COSATU: Free trade pact is full of dangers

By Neva Makgetla, an economist for the Congress of SA Trade Unions.This article originally appeared in Business Day, July 11, 2003.

The real question about the proposed free-trade agreement between the US and the trading partners of the Southern African Customs Union (Sacu) is whether it can benefit SA more than the existing African Growth and Opportunitiy Act (Agoa). After all, Agoa already gave SA easier access to US markets for most goods, and the US wants to include a lot of non-trade issues in the free-trade agreement that could limit government’s ability to drive economic development. Through Agoa, the US provided unilateral tariff cuts that brought real benefits. SA manufacturing is a big winner, with exports to the US booming, even if now threatened by the overvalued rand. As a unilateral development measure, Agoa did not require SA to cut tariffs. It does require African countries to meet broad political benchmarks in order to benefit. But the US government has not interpreted those requirements particularly narrowly or oppressively. So why should SA agree to replace this congenial arrangement with a trade treaty? US trade negotiators suggest three reasons. First, at least in theory, the US congress could simply repeal Agoa. In contrast, the free-trade agreement would be a bilateral agreement, and harder to get out of. Second, the proposed agreement will include goods that Agoa excludes. And finally, the US wants the freetrade agreement to cover a range of new issues beyond trade in goods, such as procurement, patent rights, phytosanitary measures and investment. How do these proposed benefits hold up to analysis? US unions tell us that there is no chance that the US congress would terminate Agoa. Moreover, congress has invariably extended and expanded trade concessions to other developing regions over the years. The argument that it could end Agoa seems to be a negotiating ploy. Second, it is true that lower US tariffs for more SA exports could make the freetrade agreement worthwhile, if the price were not too high in other areas. But government hasn’t shown us a detailed analysis of SA exports excluded from Agoa benefits. Cursory inspection suggests few substantial industries are affected. On the other hand, we probably don’t have to worry that opening our markets to US exporters will cause much trouble. The only real threat seems to concern food, with US exports spurred by production subsidies. But competition from Asia is a more serious danger to local producers for domestic markets. From a developmental standpoint, the US push to include “new” issues for trade is cause for concern, not enthusiasm. In his (published) mandate from the US senate, US trade negotiator Robert Zoellick included demands that reach far beyond the traditional focus of trade negotiations. They include:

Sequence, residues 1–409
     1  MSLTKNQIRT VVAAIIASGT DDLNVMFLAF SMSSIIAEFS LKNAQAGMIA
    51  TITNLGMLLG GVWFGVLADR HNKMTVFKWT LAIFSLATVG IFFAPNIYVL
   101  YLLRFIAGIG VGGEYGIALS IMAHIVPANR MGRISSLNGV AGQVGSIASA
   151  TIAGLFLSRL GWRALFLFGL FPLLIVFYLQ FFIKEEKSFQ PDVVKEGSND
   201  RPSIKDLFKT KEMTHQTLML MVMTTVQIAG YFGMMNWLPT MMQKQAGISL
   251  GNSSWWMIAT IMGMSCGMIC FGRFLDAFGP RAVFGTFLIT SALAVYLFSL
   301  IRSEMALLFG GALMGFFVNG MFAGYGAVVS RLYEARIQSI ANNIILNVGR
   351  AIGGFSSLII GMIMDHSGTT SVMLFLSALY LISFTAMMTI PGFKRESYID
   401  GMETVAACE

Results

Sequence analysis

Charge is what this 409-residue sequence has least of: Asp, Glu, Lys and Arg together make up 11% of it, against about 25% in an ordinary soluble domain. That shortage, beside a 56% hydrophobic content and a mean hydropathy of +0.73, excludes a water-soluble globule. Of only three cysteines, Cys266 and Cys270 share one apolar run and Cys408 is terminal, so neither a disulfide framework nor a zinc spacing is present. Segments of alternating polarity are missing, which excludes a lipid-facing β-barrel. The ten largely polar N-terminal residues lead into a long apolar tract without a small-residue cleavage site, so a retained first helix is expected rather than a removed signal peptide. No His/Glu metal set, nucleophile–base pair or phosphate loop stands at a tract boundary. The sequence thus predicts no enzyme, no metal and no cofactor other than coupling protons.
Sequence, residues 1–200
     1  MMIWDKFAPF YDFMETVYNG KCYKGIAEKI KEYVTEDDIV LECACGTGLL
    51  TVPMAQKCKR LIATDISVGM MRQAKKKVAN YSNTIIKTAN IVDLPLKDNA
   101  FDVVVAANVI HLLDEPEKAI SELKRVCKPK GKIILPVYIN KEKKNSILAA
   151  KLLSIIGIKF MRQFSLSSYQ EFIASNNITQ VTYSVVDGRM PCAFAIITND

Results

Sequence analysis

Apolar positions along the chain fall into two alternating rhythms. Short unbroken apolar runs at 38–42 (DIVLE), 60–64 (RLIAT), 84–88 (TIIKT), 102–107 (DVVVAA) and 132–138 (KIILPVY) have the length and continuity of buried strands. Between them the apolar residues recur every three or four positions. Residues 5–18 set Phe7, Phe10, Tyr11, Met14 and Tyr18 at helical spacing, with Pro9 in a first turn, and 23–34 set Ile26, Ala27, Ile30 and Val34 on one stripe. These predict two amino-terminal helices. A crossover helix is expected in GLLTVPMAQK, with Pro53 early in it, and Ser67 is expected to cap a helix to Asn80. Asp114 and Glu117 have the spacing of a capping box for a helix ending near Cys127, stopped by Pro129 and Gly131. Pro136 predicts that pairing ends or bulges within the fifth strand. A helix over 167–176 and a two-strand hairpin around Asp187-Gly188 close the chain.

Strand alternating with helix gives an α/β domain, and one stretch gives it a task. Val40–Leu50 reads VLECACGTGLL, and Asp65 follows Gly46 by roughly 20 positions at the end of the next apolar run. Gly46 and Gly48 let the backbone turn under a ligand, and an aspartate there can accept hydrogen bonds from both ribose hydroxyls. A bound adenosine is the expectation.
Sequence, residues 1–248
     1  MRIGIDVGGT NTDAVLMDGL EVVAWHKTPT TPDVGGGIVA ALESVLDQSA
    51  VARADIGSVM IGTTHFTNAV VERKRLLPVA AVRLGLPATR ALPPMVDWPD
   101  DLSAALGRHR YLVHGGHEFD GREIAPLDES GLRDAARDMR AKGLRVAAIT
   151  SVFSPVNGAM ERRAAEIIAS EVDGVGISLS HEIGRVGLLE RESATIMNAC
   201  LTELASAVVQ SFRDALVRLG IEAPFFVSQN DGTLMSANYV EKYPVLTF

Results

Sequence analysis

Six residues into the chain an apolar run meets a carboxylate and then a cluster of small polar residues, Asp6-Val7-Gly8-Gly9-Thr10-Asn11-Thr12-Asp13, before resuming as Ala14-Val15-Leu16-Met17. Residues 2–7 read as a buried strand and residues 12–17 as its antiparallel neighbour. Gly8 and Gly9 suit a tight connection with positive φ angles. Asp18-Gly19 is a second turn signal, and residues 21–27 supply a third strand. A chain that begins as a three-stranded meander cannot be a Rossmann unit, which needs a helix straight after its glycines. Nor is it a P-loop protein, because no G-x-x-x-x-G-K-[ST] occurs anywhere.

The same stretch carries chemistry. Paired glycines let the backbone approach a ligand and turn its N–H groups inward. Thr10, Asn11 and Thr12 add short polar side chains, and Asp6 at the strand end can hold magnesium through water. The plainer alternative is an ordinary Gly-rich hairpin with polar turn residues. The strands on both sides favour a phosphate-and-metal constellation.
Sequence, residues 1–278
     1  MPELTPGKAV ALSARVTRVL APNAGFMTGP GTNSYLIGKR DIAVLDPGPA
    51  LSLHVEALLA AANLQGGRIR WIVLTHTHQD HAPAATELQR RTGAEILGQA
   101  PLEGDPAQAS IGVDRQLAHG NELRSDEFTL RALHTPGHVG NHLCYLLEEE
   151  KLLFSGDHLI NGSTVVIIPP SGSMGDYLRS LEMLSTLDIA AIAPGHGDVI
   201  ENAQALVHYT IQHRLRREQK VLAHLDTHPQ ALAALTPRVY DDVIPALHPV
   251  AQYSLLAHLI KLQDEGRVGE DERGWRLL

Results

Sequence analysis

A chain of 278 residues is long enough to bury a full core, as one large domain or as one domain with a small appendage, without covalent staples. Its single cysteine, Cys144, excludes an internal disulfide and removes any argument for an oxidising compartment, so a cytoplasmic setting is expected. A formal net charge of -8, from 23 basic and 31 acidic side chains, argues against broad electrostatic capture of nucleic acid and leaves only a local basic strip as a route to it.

Opening up government procurement to US firms. It is not clear how this would affect preferences for black empowerment or the Proudly SA campaign.
Stronger patent protection for US goods. This might block local production of generic medicines.
Increased trade in services. That could add to the pressure to privatise basic infrastructure and social services in the name of allowing foreign (private) investors to participate.

US proposals on settling disputes are worrying. Other countries have signed free-trade agreements that let US companies sue governments directly, but it is usual for only states to lodge trade disputes. Company-to-state disputes can contradict development policies. The proposals rule out one free-trade measure that would benefit SA: a reform of antidumping rules to ensure they can’t be used as a protectionist measure. In short, the proposed free-trade agreement harbours a host of risks, but promises few tangible benefits beyond what Agoa already provides. In the past decade, rushing into radical changes in our trade regime in hopes of huge benefits cost hundreds of thousands of jobs. We can ill afford more such mistakes.